When does a forest road disappear?
You’ve seen them on hillsides in the Mountains to Sound Greenway – long zig-zags crossing the mountains, former logging roads that brought trucks up and trees down.
But when a forest road is no longer used, and especially if it leads to a splendid view, perhaps it is time to turn it into a trail.
Unmaintained forest roads deteriorate quickly, causing erosion and increased sedimentation into nearby waterways, and creating an easy path for invasive weeds to flourish. Removing unused roads reduces maintenance costs for public agencies and provides better habitat for wildlife and native plants.
Two road decommissioning projects are underway in the Greenway this year, including the removal of nearly 6 miles of logging road to the top of Mt. Tenerife, a 4,788-foot peak in the Mt. Si Natural Resources Conservation Area. Greenway contractors and crews are pulling up the road bed with heavy machinery and reducing its footprint to a trail width, and will assist the land managing agency, the Washington State Department of Natural Resources (DNR), with the installation of bridges this fall.
In 2012, the Greenway Trust completed the removal of twenty two miles of abandoned roads in the Granite Creek Basin, in the Middle Fork Natural Resources Conservation Area, in a partnership project with the state DNR and the U.S. Forest Service with support from the National Forest Foundation. Six miles were converted to recreational trails, leading to the scenic Granite lakes. And the project allowed removal of culverts and other barriers to fish passage along Granite Creek, improving habitat for fish such as native cutthroat and rainbow trout.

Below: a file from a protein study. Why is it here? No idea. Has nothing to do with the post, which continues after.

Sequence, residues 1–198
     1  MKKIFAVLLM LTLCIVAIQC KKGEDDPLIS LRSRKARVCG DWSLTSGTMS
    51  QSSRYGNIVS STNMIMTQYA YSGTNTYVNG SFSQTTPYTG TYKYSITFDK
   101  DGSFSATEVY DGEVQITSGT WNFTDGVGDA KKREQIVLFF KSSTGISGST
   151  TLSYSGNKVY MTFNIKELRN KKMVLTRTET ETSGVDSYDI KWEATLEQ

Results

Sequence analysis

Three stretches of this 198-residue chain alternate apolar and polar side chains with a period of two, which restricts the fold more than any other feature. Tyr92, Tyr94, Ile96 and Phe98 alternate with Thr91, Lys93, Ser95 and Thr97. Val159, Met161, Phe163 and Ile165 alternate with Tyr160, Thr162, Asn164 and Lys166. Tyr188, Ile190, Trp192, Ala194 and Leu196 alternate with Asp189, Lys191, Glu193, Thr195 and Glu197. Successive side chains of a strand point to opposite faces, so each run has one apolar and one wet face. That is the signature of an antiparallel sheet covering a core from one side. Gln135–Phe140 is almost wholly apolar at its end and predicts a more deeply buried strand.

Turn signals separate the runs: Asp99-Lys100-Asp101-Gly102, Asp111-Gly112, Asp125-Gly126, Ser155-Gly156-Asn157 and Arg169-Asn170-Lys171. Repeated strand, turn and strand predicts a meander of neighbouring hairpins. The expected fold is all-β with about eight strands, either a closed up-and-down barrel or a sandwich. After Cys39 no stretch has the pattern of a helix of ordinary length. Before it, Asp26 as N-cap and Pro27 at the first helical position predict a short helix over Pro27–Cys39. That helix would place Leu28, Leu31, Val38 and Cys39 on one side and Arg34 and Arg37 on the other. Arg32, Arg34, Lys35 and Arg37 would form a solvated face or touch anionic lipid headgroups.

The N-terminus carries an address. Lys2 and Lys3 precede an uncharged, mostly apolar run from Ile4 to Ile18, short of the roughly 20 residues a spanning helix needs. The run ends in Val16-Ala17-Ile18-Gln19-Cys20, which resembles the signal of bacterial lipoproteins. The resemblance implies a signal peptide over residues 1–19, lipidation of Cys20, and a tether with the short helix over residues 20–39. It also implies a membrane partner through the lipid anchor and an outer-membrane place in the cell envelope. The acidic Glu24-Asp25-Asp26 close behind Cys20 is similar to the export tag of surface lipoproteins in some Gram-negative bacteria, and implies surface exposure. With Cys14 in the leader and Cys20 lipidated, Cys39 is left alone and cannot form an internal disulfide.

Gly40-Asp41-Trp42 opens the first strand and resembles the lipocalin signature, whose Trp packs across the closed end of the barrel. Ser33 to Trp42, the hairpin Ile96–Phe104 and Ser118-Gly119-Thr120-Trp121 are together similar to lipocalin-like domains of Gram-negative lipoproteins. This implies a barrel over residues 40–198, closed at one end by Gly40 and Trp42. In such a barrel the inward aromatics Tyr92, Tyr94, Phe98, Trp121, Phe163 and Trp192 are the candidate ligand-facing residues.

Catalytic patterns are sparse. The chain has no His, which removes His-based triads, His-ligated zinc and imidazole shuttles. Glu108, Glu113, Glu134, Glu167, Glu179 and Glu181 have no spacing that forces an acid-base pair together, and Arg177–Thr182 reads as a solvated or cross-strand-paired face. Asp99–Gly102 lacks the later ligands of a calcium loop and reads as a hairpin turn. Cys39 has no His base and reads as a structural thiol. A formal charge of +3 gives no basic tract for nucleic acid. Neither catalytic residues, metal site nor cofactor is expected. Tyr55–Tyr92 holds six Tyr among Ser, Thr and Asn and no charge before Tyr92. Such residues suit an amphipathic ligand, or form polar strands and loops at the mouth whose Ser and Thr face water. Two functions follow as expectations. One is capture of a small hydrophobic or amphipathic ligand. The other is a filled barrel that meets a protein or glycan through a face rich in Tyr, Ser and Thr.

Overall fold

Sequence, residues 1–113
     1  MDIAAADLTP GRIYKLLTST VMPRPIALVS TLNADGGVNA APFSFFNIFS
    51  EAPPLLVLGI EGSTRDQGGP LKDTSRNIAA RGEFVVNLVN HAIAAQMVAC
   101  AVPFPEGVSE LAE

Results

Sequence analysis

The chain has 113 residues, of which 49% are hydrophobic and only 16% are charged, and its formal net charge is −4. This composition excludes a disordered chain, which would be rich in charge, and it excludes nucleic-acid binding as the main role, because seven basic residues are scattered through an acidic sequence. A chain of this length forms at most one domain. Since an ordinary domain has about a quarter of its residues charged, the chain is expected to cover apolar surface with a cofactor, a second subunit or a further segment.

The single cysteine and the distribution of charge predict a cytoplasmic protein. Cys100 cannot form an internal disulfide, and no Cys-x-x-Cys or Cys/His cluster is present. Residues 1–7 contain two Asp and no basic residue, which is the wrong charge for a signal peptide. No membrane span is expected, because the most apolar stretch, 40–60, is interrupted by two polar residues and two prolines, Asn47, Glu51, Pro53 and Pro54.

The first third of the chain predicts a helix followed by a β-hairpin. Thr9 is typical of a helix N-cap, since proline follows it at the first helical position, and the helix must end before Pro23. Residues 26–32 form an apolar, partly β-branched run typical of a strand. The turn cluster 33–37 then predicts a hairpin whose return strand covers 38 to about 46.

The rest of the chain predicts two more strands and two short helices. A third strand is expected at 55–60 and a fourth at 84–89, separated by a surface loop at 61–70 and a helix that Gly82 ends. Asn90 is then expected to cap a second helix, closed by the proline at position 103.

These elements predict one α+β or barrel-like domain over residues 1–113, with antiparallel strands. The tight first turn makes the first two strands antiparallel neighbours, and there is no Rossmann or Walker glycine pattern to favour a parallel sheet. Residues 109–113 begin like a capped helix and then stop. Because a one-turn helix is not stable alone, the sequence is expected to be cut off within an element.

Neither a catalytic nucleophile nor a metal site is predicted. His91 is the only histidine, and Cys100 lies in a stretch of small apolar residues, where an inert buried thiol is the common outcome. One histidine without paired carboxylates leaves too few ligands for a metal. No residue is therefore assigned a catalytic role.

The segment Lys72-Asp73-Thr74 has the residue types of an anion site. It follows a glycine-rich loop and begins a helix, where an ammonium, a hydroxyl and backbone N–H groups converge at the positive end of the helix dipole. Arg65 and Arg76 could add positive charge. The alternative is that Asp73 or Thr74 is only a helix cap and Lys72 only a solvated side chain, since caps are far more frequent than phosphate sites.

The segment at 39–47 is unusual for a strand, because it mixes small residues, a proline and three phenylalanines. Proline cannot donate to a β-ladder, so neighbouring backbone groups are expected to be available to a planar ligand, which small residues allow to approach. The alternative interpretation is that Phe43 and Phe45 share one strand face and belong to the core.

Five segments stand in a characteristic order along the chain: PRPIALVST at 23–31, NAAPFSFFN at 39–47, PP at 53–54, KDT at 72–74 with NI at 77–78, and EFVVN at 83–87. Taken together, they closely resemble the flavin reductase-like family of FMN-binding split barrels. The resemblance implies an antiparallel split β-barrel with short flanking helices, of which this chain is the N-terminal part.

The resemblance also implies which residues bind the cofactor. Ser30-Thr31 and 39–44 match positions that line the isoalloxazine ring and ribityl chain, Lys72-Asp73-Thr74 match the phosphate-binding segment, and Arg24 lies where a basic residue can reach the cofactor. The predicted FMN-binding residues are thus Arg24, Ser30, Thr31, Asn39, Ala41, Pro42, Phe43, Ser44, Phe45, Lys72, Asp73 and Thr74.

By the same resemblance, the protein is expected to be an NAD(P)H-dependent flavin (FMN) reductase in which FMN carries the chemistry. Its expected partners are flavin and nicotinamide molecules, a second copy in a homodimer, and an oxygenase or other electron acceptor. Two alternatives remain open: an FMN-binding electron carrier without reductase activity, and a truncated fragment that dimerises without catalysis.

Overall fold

The new trail to the Granite Lakes Basin provides additional recreational capacity in the Middle Fork Snoqualmie River Valley, a place once plagued by illegal activity, which will see vastly increased recreational use when the reconstruction of the Middle Fork Road is completed in 2016.
More than 60 miles of unused forest roads have been removed by the Greenway Trust and our partners, resulting in: a significant reduction in agency forest road maintenance requirements; a substantial improvement in environmental conditions through the removal of thousands of culverts and barriers to fish passage and water flow, and the prevention of ongoing sedimentation and erosion into waterways; and, last but not least, an improvement to the recreational opportunities that make the Greenway such a special place.
USDA Forest Service Mt. Baker-Snoqualmie National Forest
Washington State Department of Natural Resources
King County Wastewater Treatment Division
National Forest Foundation